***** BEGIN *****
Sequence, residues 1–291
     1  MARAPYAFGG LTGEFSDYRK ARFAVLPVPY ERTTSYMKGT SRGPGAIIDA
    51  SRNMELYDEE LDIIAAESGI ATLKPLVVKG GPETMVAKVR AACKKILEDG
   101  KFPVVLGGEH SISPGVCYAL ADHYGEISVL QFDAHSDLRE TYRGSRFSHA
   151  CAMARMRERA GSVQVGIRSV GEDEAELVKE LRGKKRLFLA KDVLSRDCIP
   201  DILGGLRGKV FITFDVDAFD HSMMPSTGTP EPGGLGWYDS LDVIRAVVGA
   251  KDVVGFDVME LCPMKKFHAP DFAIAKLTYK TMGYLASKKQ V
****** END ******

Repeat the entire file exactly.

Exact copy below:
Sequence, residues 1–291
     1  MARAPYAFGG LTGEFSDYRK ARFAVLPVPY ERTTSYMKGT SRGPGAIIDA
    51  SRNMELYDEE LDIIAAESGI ATLKPLVVKG GPETMVAKVR AACKKILEDG
   101  KFPVVLGGEH SISPGVCYAL ADHYGEISVL QFDAHSDLRE TYRGSRFSHA
   151  CAMARMRERA GSVQVGIRSV GEDEAELVKE LRGKKRLFLA KDVLSRDCIP
   201  DILGGLRGKV FITFDVDAFD HSMMPSTGTP EPGGLGWYDS LDVIRAVVGA
   251  KDVVGFDVME LCPMKKFHAP DFAIAKLTYK TMGYLASKKQ V